On hands and knees, keeping a wary eye out for any other unexpected arrivals, he crawled over to inspect the ruined apparatus. It was wonderfully, even imaginatively, made. Though twisted sharply to one side, the head was still largely intact, the tiny tracking cameras located behind the eye shields still locked in scanning position. The beak was cracked open, so he could see inside the mouth.

A sharp pinging emerged from the debris and he yanked his hand back. The extendable pressure dermic that occupied the place where a bird’s tongue would be just missed making contact with his exploring fingers.

Rising, he brought his right foot down hard on the quivering head, and applied his weight. Struts and supports molded from finely wrought composite cracked noisily. Like the stinger of a dying wasp, the dermic stabbed wildly, seeking flesh to penetrate. Only when Cardenas was certain the device was utterly defunct did he draw back his foot, and only then did the dermic, nearly as long as his hand when fully extended, cease trying to impale him.

Breathing hard, he looked around warily, his gaze flicking from walls to ceiling, from the open doorway behind him that led to the facade of a bathroom to the darkened glass at the opposite end of the workplace. The attack had caught him almost completely off guard. Who needed human sentries? They were conspicuous, likely to draw suspicion to themselves, potentially corruptible, and expensive. The seemingly deserted annex was not so deserted after all.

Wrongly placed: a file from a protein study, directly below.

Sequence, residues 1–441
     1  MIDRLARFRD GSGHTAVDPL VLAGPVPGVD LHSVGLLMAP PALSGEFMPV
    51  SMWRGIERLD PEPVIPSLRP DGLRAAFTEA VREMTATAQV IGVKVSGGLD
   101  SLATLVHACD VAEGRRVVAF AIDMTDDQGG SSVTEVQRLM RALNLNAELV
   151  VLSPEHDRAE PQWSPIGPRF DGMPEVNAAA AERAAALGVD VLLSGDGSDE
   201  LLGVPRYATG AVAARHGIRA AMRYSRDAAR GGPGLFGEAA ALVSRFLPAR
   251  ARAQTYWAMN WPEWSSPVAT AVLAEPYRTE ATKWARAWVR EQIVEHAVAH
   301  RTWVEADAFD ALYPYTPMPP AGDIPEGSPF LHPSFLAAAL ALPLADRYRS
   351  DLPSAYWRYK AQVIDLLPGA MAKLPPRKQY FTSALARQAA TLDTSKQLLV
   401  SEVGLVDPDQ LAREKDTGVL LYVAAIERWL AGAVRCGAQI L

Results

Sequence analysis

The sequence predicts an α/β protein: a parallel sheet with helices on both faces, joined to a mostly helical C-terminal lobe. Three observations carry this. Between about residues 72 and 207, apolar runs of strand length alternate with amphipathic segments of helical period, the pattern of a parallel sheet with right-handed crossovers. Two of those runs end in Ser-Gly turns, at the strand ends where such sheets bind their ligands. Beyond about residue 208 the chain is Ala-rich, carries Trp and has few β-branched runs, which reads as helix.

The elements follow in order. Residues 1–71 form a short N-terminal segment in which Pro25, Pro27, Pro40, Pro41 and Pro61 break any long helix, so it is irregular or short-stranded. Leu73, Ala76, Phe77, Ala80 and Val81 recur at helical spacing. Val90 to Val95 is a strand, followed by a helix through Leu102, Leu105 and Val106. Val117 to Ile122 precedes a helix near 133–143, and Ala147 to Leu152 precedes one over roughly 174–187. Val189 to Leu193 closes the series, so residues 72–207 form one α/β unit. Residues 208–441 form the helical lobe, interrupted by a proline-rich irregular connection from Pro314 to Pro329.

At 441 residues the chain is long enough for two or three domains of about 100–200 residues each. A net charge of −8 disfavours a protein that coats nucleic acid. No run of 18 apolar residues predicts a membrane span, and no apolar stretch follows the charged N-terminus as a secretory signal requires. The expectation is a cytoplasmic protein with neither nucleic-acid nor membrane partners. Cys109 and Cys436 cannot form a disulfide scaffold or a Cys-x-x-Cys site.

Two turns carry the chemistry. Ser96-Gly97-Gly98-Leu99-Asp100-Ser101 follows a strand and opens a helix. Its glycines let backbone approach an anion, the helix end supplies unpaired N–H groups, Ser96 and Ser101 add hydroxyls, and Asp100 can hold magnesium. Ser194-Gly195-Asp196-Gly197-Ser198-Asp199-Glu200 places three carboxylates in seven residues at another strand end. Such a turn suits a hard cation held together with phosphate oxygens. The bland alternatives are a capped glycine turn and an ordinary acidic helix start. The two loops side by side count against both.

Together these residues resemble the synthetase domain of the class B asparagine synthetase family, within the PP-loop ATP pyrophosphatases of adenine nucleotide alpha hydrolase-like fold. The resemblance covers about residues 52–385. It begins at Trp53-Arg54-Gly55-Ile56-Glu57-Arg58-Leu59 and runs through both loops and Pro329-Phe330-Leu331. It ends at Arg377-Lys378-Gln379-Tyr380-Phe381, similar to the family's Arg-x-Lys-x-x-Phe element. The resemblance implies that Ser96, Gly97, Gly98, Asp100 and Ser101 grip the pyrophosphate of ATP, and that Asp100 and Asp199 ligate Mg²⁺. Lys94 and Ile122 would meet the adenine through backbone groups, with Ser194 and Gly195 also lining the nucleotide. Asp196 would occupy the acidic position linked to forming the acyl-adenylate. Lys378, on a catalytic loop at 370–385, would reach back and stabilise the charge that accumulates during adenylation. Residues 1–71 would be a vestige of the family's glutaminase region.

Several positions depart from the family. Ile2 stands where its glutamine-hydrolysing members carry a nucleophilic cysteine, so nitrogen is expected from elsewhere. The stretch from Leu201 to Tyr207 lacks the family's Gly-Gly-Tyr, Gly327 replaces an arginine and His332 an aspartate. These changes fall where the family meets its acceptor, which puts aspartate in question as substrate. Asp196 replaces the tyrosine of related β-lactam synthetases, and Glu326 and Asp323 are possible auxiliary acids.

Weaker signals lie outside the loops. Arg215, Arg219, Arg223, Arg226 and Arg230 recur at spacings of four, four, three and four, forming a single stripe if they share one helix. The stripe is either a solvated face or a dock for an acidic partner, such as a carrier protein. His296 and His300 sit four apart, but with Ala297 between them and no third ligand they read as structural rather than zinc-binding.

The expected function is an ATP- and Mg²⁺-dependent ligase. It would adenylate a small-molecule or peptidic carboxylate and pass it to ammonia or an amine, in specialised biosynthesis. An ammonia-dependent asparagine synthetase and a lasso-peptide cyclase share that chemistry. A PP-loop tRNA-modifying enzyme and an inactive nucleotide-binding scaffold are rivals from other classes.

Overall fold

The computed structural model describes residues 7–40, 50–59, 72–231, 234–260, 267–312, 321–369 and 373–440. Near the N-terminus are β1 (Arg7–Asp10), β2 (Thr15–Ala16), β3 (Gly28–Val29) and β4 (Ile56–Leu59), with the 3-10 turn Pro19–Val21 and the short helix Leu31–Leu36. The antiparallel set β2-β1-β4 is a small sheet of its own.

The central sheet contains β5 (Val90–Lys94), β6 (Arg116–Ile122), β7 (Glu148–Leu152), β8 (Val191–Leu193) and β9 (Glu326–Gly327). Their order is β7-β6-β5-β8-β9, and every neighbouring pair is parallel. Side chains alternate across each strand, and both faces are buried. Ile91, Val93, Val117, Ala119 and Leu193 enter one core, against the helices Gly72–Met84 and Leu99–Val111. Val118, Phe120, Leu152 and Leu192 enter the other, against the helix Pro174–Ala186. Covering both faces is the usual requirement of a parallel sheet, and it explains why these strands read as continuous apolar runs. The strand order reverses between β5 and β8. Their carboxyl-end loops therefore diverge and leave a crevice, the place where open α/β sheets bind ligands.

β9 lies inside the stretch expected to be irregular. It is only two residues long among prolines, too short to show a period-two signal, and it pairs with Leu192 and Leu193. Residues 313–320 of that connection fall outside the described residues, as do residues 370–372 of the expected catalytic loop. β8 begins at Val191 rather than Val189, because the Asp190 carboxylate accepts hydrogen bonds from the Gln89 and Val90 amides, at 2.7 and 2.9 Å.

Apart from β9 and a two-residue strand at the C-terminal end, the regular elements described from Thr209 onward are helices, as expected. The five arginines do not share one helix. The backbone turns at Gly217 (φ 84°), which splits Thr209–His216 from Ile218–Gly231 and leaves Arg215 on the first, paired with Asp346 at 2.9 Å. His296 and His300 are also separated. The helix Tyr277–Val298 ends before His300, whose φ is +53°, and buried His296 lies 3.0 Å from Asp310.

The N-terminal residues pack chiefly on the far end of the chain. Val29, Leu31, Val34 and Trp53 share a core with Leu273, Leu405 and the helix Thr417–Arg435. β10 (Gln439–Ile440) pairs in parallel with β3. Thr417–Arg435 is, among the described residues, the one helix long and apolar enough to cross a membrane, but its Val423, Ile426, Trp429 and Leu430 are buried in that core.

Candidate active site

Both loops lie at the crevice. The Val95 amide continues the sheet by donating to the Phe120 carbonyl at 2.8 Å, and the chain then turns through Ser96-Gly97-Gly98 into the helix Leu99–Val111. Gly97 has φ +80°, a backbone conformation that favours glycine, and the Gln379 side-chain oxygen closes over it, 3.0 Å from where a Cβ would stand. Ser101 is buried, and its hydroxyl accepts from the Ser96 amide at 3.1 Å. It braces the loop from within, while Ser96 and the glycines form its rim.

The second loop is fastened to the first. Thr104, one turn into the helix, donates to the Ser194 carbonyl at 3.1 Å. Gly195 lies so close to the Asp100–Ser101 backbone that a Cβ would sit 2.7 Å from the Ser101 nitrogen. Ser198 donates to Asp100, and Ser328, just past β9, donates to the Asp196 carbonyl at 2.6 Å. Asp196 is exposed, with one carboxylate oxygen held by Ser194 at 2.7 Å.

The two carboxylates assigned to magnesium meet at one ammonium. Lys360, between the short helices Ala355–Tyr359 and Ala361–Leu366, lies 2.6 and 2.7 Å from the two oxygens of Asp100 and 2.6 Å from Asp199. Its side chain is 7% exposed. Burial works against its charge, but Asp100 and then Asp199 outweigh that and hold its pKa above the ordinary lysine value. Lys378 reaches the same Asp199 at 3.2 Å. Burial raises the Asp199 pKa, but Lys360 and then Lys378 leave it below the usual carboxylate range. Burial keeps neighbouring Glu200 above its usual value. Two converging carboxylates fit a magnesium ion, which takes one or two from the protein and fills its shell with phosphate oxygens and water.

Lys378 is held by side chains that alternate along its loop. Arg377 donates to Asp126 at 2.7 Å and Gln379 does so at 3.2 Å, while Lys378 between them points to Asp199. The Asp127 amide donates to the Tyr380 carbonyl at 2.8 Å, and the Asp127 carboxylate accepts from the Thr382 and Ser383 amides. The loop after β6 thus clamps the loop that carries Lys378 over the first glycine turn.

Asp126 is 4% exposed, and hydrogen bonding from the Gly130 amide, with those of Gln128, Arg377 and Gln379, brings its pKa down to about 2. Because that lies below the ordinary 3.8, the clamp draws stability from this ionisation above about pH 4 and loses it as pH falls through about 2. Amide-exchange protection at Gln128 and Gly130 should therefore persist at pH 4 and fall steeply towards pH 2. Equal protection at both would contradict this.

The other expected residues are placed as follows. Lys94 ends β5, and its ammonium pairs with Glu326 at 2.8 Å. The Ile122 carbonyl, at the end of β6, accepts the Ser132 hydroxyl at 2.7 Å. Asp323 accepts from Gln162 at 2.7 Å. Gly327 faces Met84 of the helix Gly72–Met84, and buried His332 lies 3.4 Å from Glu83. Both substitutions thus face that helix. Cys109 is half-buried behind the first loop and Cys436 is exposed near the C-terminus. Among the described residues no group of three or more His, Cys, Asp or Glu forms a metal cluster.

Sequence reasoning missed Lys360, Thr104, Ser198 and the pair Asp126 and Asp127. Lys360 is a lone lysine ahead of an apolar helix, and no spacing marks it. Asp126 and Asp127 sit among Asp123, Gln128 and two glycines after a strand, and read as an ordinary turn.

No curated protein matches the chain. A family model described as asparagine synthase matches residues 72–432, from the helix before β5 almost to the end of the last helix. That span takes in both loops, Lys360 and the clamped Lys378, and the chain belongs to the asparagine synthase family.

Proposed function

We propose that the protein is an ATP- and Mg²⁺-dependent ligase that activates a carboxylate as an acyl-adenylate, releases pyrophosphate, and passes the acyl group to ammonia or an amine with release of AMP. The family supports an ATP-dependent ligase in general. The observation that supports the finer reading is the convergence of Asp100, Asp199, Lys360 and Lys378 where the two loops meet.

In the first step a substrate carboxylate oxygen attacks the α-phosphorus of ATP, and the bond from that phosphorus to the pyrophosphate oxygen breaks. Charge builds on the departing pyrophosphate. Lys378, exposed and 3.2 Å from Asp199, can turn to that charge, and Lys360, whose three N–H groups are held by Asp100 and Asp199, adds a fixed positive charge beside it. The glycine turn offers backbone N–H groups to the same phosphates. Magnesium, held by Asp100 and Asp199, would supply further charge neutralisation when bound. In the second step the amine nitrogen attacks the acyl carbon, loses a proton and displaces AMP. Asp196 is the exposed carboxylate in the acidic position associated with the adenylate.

Overhead, Taieesh Import and Export provided perfect camouflage. What better cover for a center of illicit operations than a legitimate business whose employees were utterly and honestly ignorant of the unlawful activities that were going on beneath their very feet? It was akin to running a counterfeiting operation from inside a bank vault.

His eyes continued to scrutinize the far corners of the chamber. There had been three of the birds. How the devil had they gotten in? It occurred to him that ventilators that brought in clean air could also admit other things. Things that had been programmed to navigate their way through tubes and conduits. To navigate—and to kill.